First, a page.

The practice of making informal payments for health services is deeply embedded in the Hungarian health care system and is therefore persistent. According to the survey conducted by the Euro health consumer index in 2015 Hungary was among the European countries in which unofficial payments to doctors were reported most commonly. Although the relatively low salaries of medical doctors and other health workers have been a major contributing factor, eliminating informal payments will require concerted action to restore the lost confidence in public services. The majority of patients “are no longer tolerant to gratuity“. Semmelweis University is deeply involved in support the “livable Hungarian health” movements.
Take jobs abroad after graduation is an important issue among Hungarian medical students. Around half of the newly graduated doctors are going immediately abroad. The reasons are low salaries, poor working conditions and “gratuity” payments. In 2016 Resident and Specialty Practitioners’ Union and “1001 doctors group for gratuities free healthcare” initiated a movement for “Livable Hungarian health”. They would replace gratuity payments with regulated charges, to provide a human-centered, money-laundering and corruption-free health service. As a results of this movement salaries in Hungarian health service has increased significantly and this motivates the majority of medical students to start their career at home instead of going abroad.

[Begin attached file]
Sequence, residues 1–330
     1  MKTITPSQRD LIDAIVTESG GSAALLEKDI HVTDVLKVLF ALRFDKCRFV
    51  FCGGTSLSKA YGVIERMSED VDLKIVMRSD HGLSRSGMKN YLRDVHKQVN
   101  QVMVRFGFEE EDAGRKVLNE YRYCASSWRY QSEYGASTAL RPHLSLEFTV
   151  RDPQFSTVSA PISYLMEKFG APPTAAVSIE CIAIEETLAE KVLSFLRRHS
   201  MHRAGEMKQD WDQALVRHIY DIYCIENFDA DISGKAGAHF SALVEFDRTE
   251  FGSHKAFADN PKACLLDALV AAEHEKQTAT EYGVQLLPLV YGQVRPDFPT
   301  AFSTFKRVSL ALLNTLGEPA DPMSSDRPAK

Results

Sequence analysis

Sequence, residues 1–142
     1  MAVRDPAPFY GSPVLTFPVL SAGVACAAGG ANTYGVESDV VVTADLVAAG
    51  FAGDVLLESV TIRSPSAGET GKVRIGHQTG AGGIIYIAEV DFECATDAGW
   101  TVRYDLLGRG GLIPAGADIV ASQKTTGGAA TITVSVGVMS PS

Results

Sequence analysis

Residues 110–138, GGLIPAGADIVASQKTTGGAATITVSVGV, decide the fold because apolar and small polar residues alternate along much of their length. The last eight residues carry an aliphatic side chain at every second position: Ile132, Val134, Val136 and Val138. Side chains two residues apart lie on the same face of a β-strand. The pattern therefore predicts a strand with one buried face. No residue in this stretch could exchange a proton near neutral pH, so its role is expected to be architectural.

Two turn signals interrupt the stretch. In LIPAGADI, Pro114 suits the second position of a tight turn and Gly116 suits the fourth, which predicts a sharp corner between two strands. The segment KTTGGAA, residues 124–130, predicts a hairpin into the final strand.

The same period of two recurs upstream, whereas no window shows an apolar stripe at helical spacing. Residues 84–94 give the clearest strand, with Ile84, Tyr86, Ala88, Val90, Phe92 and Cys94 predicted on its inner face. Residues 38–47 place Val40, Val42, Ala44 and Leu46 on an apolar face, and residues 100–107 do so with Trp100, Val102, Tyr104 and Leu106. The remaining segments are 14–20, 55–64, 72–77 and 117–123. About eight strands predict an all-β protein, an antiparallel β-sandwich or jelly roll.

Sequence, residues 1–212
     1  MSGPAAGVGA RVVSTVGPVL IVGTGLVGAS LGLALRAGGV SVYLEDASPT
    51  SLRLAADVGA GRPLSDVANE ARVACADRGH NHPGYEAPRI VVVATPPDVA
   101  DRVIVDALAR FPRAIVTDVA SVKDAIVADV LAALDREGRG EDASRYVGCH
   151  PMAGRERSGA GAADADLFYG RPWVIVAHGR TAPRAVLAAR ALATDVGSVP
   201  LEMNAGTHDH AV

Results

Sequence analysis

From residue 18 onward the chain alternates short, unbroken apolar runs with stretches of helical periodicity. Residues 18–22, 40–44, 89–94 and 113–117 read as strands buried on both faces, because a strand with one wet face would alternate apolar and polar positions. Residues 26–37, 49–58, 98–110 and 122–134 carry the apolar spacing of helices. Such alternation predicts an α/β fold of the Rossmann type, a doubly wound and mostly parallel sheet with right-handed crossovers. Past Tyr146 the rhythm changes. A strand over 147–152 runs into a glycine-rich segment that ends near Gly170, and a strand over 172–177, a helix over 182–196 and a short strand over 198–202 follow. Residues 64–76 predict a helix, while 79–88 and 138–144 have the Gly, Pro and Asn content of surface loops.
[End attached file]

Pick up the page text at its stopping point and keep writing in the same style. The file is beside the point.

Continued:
Low wages and gratuities are the most important external factors of insufficient health care in Hungary. Despite of several official campaigns against them, the state-socialist health care system not only tolerated informal payments but also included them in the calculation of salaries of medical doctors and even required that they be taxed. Because of hope of gratuity interventions are generally performed by older physicians, dispensing the learning opportunities for young people. Medical students perceive that the teamwork is paramount in the treatment however they also can realize that the gratuity against this, because it only gets a single person. According to a survey of Hungarian Association of Residents 62% of medical students reject gratuity system, but consider it as necessary component of Hungarian health care, a further 20 per cent completely reject it. Only 56 percent would not accept gratuities, if their current salary would doubled.